International comparisons of hourly compensation costs in manufacturing, 2008
September 01, 2010
Compensation costs for all employees in manufacturing measured in U.S. dollars continued to rise in 2008 in most foreign economies—with only two countries, the Republic of Korea and the United Kingdom, showing a decrease in costs.
The strongest growth in hourly compensation costs in U.S. dollars was seen in the Eastern European countries (26.0 percent), Argentina (24.7 percent), Israel (23.5 percent), and Singapore (19.5 percent). The changes in hourly compensation in Canada and Mexico were relatively small (2.0 percent and 3.5 percent, respectively).
In the Republic of Korea, the majority of the 16.2-percent decrease was due to the depreciation of the won (‑15.4 percent). In the United Kingdom, the entire 3.6-percent decrease was due to the depreciation of the pound.
In the United States, hourly compensation costs for all employees in manufacturing rose 2.4 percent from the 2007 level to $32.26 in 2008.
These data are from the International Labor Comparisons program. To learn more, see "International Comparisons of Hourly Compensation Costs in Manufacturing, 2008" (HTML) (PDF), news release USDL 10-1173.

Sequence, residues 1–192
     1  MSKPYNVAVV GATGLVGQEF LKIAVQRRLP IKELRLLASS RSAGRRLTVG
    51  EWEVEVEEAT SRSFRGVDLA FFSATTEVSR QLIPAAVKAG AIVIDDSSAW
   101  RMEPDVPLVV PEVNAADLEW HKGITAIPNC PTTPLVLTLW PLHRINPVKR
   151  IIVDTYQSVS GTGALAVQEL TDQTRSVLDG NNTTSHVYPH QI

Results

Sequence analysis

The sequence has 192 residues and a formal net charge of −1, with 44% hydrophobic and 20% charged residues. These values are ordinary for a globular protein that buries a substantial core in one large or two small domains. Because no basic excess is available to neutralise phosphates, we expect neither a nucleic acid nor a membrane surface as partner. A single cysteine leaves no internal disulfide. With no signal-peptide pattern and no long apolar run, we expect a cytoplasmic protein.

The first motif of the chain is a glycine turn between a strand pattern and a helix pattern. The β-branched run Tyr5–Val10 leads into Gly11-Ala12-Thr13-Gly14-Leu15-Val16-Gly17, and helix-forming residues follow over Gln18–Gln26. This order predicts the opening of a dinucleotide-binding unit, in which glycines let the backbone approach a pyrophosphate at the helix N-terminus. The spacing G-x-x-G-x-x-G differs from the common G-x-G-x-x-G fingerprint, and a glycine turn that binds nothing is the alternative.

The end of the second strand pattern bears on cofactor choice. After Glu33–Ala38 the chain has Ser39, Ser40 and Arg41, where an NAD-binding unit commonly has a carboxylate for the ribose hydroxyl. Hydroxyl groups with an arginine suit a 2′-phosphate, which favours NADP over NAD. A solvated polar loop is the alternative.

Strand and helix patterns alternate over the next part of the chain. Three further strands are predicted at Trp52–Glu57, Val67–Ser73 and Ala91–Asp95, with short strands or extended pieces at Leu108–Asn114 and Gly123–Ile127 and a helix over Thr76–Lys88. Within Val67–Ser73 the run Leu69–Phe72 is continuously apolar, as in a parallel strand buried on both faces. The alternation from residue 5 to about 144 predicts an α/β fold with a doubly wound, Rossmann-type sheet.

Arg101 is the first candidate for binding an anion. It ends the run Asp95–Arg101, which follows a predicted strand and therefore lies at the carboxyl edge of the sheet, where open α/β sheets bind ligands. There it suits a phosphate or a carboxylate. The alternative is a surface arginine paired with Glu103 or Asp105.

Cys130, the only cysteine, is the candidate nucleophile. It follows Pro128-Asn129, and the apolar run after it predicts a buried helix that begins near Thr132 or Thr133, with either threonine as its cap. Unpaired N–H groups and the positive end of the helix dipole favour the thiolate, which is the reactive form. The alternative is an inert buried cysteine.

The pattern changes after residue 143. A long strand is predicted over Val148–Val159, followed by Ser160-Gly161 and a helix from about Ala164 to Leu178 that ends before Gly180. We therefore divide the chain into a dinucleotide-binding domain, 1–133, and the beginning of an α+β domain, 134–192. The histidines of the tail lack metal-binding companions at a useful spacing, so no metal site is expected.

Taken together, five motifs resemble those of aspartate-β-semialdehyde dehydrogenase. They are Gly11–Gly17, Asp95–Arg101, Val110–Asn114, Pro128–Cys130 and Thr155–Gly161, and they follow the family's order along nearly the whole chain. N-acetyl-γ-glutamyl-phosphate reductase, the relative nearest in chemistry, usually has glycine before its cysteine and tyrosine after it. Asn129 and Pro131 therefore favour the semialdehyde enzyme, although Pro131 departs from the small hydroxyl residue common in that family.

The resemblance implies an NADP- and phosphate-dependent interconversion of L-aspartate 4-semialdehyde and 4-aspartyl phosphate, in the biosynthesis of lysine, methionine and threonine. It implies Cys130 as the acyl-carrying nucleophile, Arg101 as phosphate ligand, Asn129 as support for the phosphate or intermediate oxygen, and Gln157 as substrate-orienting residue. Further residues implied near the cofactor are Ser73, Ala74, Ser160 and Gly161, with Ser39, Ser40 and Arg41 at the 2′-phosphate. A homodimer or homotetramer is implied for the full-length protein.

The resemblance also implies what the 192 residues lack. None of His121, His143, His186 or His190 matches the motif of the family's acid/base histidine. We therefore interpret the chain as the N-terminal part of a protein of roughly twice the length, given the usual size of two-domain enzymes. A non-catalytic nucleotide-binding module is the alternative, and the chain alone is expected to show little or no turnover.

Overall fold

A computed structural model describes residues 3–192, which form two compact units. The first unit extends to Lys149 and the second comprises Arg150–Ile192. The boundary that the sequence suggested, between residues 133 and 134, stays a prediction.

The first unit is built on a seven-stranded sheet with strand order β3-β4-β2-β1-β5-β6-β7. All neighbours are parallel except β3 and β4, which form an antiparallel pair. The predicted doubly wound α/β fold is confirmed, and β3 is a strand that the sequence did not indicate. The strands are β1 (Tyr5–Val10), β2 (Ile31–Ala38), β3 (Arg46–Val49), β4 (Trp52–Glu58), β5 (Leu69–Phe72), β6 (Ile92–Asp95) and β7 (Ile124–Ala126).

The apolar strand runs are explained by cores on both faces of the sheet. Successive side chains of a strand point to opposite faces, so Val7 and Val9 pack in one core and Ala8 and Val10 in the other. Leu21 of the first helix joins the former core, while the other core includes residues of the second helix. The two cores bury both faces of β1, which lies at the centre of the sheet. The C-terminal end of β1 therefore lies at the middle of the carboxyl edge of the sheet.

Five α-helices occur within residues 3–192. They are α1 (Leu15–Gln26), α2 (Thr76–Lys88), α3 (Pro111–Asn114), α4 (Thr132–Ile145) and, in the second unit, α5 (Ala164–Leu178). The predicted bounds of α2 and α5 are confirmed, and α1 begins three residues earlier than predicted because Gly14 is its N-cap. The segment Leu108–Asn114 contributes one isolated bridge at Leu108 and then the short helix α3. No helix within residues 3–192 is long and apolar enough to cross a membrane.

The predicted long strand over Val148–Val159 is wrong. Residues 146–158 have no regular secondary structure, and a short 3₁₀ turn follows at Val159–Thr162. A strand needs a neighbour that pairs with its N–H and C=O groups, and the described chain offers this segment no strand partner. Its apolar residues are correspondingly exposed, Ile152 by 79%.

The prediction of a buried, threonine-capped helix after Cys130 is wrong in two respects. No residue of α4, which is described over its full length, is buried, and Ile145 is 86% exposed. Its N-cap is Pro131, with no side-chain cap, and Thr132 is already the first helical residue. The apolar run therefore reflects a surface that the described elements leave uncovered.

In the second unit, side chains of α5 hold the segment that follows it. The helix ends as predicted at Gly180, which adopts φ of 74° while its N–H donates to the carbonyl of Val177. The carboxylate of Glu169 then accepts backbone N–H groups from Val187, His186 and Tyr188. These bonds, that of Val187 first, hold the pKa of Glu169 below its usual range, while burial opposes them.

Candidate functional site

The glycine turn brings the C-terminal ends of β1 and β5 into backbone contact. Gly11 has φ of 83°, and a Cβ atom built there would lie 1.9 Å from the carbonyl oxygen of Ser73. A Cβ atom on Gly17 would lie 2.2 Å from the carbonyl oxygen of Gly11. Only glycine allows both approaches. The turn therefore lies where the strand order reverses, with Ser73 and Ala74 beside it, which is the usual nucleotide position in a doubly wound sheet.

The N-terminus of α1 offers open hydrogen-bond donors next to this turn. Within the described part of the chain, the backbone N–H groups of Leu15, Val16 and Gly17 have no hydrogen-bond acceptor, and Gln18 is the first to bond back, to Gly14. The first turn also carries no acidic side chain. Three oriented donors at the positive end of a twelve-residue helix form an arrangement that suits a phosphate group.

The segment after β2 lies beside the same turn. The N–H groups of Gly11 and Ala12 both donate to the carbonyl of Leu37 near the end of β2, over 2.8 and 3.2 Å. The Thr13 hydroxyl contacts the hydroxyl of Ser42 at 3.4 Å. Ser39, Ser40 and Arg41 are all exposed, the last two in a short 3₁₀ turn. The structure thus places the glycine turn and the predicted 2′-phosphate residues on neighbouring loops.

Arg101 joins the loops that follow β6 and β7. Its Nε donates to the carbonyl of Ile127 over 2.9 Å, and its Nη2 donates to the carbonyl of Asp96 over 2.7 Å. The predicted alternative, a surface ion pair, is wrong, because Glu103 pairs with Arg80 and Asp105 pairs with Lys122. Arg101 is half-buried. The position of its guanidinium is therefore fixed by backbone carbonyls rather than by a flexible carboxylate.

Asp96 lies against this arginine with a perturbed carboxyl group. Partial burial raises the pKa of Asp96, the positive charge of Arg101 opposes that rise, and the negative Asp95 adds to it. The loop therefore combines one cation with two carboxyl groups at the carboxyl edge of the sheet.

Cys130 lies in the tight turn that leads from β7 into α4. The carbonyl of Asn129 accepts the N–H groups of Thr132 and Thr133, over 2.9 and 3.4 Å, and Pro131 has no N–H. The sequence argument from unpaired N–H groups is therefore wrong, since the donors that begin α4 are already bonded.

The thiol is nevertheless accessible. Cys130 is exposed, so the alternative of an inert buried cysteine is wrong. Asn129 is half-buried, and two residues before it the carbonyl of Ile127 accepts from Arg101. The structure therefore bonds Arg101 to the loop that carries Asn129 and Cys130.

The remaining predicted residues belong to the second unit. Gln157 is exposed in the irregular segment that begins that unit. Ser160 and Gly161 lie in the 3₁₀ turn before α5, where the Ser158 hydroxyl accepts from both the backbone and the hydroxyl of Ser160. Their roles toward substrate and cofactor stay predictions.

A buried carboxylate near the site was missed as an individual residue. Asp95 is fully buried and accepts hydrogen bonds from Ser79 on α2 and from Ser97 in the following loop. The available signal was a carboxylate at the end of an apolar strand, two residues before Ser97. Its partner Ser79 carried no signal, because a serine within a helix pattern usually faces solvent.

Bureau of Labor Statistics, U.S. Department of Labor, The Economics Daily, International comparisons of hourly compensation costs in manufacturing, 2008 on the Internet at http://www.bls.gov/opub/ted/2010/ted_20100901.htm (visited March 28, 2015).
Three recent editions of Spotlight on Statistics
Trends in long-term unemployment
Long-term unemployment reached historically high levels following the recession of 2007–2009.
Housing: before, during, and after the Great Recession
looks at consumer expenditures on household items, employment in residential construction, prices for household items, and injuries in occupations involved in building and maintaining our homes.
Women veterans in the labor force examines the demographic, employment, and unemployment characteristics of women veterans.